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Radiola 17 R17

Radiola 17 R17; RCA RCA Victor Co. (ID = 124338) Radio
Radiola 17 R17; RCA RCA Victor Co. (ID = 124335) Radio
Radiola 17 R17; RCA RCA Victor Co. (ID = 1029052) Radio
Radiola 17 R17; RCA RCA Victor Co. (ID = 1029053) Radio
Radiola 17 R17; RCA RCA Victor Co. (ID = 1029054) Radio
Radiola 17 R17; RCA RCA Victor Co. (ID = 1029055) Radio
Radiola 17 R17; RCA RCA Victor Co. (ID = 1029056) Radio
Radiola 17 R17; RCA RCA Victor Co. (ID = 1029057) Radio
Radiola 17 R17; RCA RCA Victor Co. (ID = 1029058) Radio
Radiola 17 R17; RCA RCA Victor Co. (ID = 1029059) Radio
Radiola 17 R17; RCA RCA Victor Co. (ID = 288032) Radio Radiola 17 R17; RCA RCA Victor Co. (ID = 288033) Radio
Radiola 17 R17; RCA RCA Victor Co. (ID = 2435616) Radio Radiola 17 R17; RCA RCA Victor Co. (ID = 2435618) Radio
Radiola 17 R17; RCA RCA Victor Co. (ID = 2435617) Radio Radiola 17 R17; RCA RCA Victor Co. (ID = 524252) Radio
Radiola 17 R17; RCA RCA Victor Co. (ID = 267220) Radio Radiola 17 R17; RCA RCA Victor Co. (ID = 474763) Radio
Radiola 17 R17; RCA RCA Victor Co. (ID = 474764) Radio Radiola 17 R17; RCA RCA Victor Co. (ID = 474765) Radio
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Radiola 17 R17; RCA RCA Victor Co. (ID = 288032) Radio
RCA RCA Victor Co.: Radiola 17 R17 [Radio] ID = 288032 933x360
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For model Radiola 17 R17, RCA (RCA Victor Co. Inc.); New York (NY):
RCA Radiola 17
Country:  United States of America (USA)
Manufacturer / Brand:  RCA (RCA Victor Co. Inc.); New York (NY)
alternative name
RCA Manufacturing || Victor Talking Machine
Year: 1927 Category: Broadcast Receiver - or past WW2 Tuner
Valves / Tubes 7: UX226 UX226 UX226 UY227 UX226 UX171A UX280
Main principle TRF without regeneration
Tuned circuits 3 AM circuit(s)
Wave bands Broadcast only (MW).
Power type and voltage Alternating Current supply (AC) / 110; 120 Volt
Loudspeaker - This model requires external speaker(s).
Power out
from Model: Radiola 17 R17 - RCA RCA Victor Co. Inc.; New
Material Wooden case
Shape Tablemodel, Box - most often with Lid (NOT slant panel).
Dimensions (WHD) 27.5 x 9 x 8 inch / 699 x 229 x 203 mm

not to be confused with later RCA R17M !

Two separate chassis: Receiver and Socket Power Supply.

The RCA 100-A speaker is often paired with this radio.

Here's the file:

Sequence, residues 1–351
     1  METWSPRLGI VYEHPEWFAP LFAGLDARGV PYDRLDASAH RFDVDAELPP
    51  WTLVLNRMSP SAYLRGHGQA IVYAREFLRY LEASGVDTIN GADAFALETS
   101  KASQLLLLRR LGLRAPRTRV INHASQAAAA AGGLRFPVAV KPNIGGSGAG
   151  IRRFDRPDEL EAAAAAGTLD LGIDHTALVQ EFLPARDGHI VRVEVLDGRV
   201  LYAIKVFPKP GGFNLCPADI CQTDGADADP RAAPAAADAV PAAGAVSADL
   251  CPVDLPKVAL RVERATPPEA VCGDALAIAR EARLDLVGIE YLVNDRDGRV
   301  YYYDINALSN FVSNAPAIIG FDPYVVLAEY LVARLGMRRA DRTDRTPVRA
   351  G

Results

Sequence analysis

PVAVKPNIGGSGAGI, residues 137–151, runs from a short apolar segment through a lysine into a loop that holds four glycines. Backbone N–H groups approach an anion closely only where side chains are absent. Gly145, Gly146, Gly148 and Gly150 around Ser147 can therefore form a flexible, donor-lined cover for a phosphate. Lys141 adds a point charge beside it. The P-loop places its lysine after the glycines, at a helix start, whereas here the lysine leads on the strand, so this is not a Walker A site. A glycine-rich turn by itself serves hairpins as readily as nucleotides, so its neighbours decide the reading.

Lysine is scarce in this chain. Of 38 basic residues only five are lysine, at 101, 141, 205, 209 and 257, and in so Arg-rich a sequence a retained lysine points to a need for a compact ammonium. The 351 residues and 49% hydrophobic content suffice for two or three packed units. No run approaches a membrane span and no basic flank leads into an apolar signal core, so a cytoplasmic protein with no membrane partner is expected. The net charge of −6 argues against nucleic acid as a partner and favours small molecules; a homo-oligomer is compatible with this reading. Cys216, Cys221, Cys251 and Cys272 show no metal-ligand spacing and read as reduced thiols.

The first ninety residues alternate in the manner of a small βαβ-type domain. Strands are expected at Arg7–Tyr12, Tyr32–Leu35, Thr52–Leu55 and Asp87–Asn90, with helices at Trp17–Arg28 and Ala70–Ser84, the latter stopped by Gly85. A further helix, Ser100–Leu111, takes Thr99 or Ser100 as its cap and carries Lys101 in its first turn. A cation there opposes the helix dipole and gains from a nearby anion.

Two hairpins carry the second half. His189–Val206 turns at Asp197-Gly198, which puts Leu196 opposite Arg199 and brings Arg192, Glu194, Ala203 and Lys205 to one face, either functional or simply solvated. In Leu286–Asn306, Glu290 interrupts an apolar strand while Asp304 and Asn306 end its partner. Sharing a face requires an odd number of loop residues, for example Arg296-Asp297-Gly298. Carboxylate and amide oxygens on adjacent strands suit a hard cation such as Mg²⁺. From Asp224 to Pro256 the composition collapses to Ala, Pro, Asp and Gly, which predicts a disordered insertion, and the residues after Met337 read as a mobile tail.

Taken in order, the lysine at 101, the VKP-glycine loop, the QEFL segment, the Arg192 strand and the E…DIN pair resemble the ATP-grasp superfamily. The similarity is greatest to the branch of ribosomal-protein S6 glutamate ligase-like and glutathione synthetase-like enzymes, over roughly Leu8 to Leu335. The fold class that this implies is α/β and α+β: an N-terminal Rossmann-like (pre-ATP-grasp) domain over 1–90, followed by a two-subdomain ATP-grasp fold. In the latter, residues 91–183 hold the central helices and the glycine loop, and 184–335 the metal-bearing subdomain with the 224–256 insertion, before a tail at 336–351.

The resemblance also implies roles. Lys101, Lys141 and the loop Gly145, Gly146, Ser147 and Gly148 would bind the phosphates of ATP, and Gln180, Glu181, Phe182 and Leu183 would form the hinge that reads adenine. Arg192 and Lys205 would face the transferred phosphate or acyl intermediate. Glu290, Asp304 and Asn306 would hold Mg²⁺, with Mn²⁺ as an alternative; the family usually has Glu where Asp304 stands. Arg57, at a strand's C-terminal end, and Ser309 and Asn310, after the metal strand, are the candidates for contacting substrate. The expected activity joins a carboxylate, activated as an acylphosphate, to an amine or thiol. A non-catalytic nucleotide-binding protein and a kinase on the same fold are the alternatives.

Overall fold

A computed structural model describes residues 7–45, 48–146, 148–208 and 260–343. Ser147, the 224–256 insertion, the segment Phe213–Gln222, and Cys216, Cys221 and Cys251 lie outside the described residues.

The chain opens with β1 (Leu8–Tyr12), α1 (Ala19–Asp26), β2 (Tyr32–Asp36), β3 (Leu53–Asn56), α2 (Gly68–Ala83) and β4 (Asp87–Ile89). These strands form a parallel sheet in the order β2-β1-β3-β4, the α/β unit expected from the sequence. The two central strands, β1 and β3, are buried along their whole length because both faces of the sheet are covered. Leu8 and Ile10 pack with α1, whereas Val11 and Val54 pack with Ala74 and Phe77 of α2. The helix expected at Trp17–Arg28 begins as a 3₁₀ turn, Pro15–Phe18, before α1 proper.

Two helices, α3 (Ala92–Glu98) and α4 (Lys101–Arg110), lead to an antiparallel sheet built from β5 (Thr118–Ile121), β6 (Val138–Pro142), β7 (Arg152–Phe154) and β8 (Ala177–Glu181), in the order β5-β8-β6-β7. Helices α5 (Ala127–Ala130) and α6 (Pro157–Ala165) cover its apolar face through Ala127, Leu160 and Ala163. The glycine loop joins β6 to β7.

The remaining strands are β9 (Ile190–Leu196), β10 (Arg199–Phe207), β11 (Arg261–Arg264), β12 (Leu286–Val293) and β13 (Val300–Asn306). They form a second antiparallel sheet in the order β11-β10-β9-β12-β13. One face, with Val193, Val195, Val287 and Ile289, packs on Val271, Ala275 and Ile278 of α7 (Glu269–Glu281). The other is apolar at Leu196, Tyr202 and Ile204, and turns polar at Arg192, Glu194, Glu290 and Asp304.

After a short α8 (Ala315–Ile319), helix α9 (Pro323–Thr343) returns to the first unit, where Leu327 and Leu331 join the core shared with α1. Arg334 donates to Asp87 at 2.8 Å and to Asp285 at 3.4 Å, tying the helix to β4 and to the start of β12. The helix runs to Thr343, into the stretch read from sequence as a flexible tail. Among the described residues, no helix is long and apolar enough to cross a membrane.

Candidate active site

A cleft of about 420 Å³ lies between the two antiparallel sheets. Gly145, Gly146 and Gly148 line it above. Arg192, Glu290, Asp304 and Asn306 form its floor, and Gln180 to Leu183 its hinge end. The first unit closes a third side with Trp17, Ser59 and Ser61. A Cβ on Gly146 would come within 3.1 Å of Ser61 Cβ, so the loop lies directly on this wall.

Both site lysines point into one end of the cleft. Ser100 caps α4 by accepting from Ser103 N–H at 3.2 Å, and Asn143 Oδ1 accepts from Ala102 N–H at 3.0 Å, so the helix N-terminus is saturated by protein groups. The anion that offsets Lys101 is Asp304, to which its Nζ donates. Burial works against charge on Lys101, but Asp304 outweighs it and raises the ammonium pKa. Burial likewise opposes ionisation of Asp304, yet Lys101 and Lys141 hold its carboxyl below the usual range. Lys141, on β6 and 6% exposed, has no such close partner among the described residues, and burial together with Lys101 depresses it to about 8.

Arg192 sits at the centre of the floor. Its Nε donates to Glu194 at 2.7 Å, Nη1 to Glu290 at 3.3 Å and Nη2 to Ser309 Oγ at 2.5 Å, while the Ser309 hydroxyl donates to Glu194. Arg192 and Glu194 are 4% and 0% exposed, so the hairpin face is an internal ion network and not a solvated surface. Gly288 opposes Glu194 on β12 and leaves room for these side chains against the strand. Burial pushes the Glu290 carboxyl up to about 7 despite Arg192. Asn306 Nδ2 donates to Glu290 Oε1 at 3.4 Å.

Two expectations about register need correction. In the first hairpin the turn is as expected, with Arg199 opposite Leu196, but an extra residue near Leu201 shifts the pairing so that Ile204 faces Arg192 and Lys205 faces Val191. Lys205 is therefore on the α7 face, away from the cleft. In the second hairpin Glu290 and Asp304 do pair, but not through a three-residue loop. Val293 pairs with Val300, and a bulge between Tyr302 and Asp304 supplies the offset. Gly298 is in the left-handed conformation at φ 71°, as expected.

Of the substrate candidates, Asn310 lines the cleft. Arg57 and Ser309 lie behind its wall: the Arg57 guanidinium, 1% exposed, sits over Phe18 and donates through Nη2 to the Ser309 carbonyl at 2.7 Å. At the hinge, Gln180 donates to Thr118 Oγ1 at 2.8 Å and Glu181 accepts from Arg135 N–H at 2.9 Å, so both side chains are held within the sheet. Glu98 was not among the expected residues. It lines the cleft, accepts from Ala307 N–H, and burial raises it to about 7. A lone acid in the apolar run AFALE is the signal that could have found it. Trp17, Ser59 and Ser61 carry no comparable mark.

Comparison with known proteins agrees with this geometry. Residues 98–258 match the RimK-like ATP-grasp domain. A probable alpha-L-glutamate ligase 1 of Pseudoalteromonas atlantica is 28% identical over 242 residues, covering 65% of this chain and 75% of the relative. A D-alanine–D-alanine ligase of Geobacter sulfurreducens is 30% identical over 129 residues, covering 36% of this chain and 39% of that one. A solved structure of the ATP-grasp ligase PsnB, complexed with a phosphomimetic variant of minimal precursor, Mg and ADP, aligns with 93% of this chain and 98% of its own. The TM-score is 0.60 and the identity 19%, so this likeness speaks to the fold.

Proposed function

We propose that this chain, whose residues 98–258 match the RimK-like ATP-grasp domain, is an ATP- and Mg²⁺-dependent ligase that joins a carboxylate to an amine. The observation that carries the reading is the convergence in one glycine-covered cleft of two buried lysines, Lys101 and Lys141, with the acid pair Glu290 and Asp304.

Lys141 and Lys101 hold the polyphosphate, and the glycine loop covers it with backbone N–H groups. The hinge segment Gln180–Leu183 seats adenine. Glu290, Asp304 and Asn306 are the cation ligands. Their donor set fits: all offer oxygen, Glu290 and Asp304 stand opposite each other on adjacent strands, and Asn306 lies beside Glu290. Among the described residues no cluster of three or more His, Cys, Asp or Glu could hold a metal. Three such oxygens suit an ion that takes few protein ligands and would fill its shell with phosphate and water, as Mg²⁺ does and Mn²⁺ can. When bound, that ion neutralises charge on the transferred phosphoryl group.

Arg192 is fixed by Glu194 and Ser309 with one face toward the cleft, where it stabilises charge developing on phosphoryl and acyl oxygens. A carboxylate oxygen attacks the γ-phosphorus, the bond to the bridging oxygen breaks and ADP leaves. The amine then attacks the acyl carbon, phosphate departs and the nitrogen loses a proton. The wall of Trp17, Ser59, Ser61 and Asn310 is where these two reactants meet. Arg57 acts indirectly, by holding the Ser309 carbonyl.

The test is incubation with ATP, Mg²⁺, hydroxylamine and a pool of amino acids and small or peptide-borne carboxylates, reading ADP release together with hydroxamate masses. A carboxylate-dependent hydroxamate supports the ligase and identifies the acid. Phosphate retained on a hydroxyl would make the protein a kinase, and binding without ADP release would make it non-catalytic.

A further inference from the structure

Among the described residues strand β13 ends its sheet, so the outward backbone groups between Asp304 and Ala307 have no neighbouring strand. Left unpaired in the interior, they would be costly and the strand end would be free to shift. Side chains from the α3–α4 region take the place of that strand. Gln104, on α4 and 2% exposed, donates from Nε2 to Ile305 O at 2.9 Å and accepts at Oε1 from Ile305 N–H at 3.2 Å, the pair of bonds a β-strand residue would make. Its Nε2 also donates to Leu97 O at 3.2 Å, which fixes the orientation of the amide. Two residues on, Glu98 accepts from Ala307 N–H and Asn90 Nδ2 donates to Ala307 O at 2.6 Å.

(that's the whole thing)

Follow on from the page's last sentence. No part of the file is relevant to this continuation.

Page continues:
Price in first year of sale 157.00 $
Collectors' prices  
External source of data Ernst Erb
Source of data The Radio Collector's Directory and Price Guide 1921 - 1965
Mentioned in Collector's Guide to Antique Radios 4. Edition
Literature/Schematics (1) Rider's Perpetual, Volume 1 = 1931/1934 (1919 to 1931) (1-15)
Literature/Schematics (2) Beitman Radio Diagrams, Vol. 01, 1926-1938 (1-166)
Literature/Schematics (3) Radiola, the golden Age of RCA (p.292 ff)

All listed radios etc. from RCA (RCA Victor Co. Inc.); New York (NY)
Here you find 4860 models, 2854 with images and 3947 with schematics for wireless sets etc. In French: TSF for Télégraphie sans fil.


Forum contributions about this model
RCA RCA Victor Co.: Radiola 17 R17
Threads: 1 | Posts: 9
Hits: 3176     Replies: 8
rca: R17; Radiola 17
William Cureton

Hello Fellow Vintage Radio Friends

My question today has to do with the "ground" on the Radiola 17.   As you know this radio came with a standard two-wire (silk-braided) power cord which feeds into the filter on power transformer array.  It also had a separate "ground" wire on the other side of the chassis.   I wish to convert to a vintage looking three-wire power cord with "ground" and my question relates to where I would affix the "ground" wire at the filter/transformer end.   Can I simply attach it to the chassis somewhere?  Is there a preferred or recommended place somewhere on the power transformer chassis or tube chassis?   Surely, for safety reasons, this conversion has been done many times before, not only on Radiolas but on other radios of this vintage.  Any advice will be greatly appreciated.   I am a beginner and hence the rather low-level of my technical understanding on these simple issues.   I can't seem to find anyone in my area who enjoys this same hobby.

Best regards,